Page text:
The present invention is a process to remove a +2 ionic charged metal from a petroleum feed. The process includes contacting the feed with a resin that includes carboxyl, sulfonic and/or phosphonic groups. In a preferred embodiment the metal is a Group II metal. In particular, the metal is calcium.

DESCRIPTION OF THE PREFERRED EMBODIMENT

The present invention is a process to remove +2 ionic charged metals from a petroleum feed. The metals include Ca, Mg, Mn, and Zn. Calcium is particularly important. The process includes contacting the feed with a resin that includes carboxyl, sulfonic and/or phosphonic groups. These metals may be in several forms, including naphthenates, phenolates, chlorides or sulfates.

The resins can contain carboxyl, sulfonic or phosphonic groups. Preferably, the resins are crosslinked, therefore not soluble in the crude. Suitable resins are sulfonated styrene-divinylbenzene copolymers, methacrylic acid-divinylbenzene copolymers, polyacrylic acid, polyvinylsulfonic acid,

phosphorylated styrene-divinylbenzene copolymers, polymethacrylic acid and styrene-divinylbenzene copolymers with attached iminodiacetic acid groups.

The resin can be in the form of a bed through which the crude is passed; otherwise, the resin can be suspended in the crude and separated at the end of the treatment by filtration or centrifugation. The temperature at which the treatment occurs should be high enough to reduce the viscosity of the crude and low enough to avoid decomposition of the resin. A temperature between 50 and 150°C is generally satisfactoiy.

After use, the resins can be regenerated by acid treatment.

The following examples illustrate the invention without limiting it.

Example 1

The reaction apparatus was a glass vessel equipped with stirrer and reflux condenser, immersed in an oil bath. 50 g of Kome 6/1 crude, containing 930 ppm of Ca, 42 ppm of Mn and 2.6 ppm of Zn were put into the reactor. 15.6 g of sulfonated styrene-divinylbenzene copolymer, known under the commercial name of Amberlite IR-120 and having a capacity of 1.9 milliequivalents/ml, were added.

The mixture was stirred at 70°C for 7 hours. Then the solid was separated by centrifugation and the treated crude was analyzed for metals. The contents of Ca, Mn and Zn had dropped to 107, 4.9 and 0.9 ppm respectively.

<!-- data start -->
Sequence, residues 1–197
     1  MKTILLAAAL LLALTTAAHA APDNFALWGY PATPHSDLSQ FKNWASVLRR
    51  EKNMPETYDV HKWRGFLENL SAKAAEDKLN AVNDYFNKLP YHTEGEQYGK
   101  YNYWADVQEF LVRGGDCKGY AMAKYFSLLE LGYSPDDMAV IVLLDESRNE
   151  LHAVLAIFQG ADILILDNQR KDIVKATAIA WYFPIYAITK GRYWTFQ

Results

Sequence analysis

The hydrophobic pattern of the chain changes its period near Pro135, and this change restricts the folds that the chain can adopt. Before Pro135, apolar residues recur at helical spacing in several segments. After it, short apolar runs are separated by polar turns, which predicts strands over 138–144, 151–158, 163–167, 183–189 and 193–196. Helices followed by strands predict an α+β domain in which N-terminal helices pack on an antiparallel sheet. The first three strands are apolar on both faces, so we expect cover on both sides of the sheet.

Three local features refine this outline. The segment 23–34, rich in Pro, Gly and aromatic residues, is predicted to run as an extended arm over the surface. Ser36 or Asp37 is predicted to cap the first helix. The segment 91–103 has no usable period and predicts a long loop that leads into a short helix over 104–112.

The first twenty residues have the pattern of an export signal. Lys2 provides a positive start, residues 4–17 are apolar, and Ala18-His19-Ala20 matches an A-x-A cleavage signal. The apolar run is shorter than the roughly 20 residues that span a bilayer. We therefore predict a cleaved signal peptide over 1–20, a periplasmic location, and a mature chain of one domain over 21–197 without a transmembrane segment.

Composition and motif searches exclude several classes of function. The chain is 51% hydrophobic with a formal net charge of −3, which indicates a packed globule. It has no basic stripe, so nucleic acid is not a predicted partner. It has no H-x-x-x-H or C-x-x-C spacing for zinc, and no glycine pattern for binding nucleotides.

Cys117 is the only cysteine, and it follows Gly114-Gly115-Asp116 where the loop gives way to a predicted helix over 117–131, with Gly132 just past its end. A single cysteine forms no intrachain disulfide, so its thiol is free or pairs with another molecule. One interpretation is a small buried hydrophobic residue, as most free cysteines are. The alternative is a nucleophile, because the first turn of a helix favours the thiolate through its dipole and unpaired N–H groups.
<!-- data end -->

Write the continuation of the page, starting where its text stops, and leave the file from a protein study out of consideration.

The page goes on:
Infrared spectroscopy showed that the band at 1708 cm"l, corresponding to the carboxyl group, is more intense than in the untreated crude and the band at 1600 cm ** !, corresponding to the naphthenate, was less intense than in the untreated crude. This showed that the metals were in the form of carboxylates and that metals removal had freed carboxylic acids.

We believe the following reaction has occurred:

Ca++ +2 SO 3 H -*- 2H+ + SO 3 Ca

Example 2

The reaction apparatus was the same as in Example 1. 50 g of Kome 6/1 crude was put into the reactor. Then 2.15 g of a copolymer of methacrylic acid with divinylbenzene, known under the commercial name of Amberlite IRP-64 and having a capacity of 10 milliequivalents/g, were added.

The mixture was stirred at 70°C for 6 hours. Then the solid was separated by centrifugation and the crude was analyzed. The contents of Ca, Mn and Zn had dropped to 66, 2.2 and 0.7 ppm respectively.

We believe the following reaction has occurred:

Ca++ +2 COOH -* * - 2H+ + COO I Ca

Example 3

The reaction apparatus was the same as in Example 1. 50 g of Kome 6/1 crude were put into the apparatus. Then 7.6 g of a sulfonated styrene- divinylbenzene copolymer, having a capacity of 3.3 milliequivalents/gram and known under the commercial name of Amberlyst XN 1010 were added.

The mixture was stirred at 70°C for 7 hours. After separation of the solids by centrifugation, the oil contained 147 ppm of Ca, 9 ppm of Mn and .7 ppm of Zn, i.e. much less than in the untreated Kome 6/1.